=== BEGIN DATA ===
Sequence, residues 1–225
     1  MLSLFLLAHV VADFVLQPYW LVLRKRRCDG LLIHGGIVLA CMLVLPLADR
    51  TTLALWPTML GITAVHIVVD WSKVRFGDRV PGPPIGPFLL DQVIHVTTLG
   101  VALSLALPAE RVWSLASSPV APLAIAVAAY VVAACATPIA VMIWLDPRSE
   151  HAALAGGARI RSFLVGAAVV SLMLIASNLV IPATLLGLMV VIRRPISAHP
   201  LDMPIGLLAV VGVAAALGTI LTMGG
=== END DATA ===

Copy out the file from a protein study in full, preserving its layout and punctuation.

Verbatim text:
Sequence, residues 1–225
     1  MLSLFLLAHV VADFVLQPYW LVLRKRRCDG LLIHGGIVLA CMLVLPLADR
    51  TTLALWPTML GITAVHIVVD WSKVRFGDRV PGPPIGPFLL DQVIHVTTLG
   101  VALSLALPAE RVWSLASSPV APLAIAVAAY VVAACATPIA VMIWLDPRSE
   151  HAALAGGARI RSFLVGAAVV SLMLIASNLV IPATLLGLMV VIRRPISAHP
   201  LDMPIGLLAV VGVAAALGTI LTMGG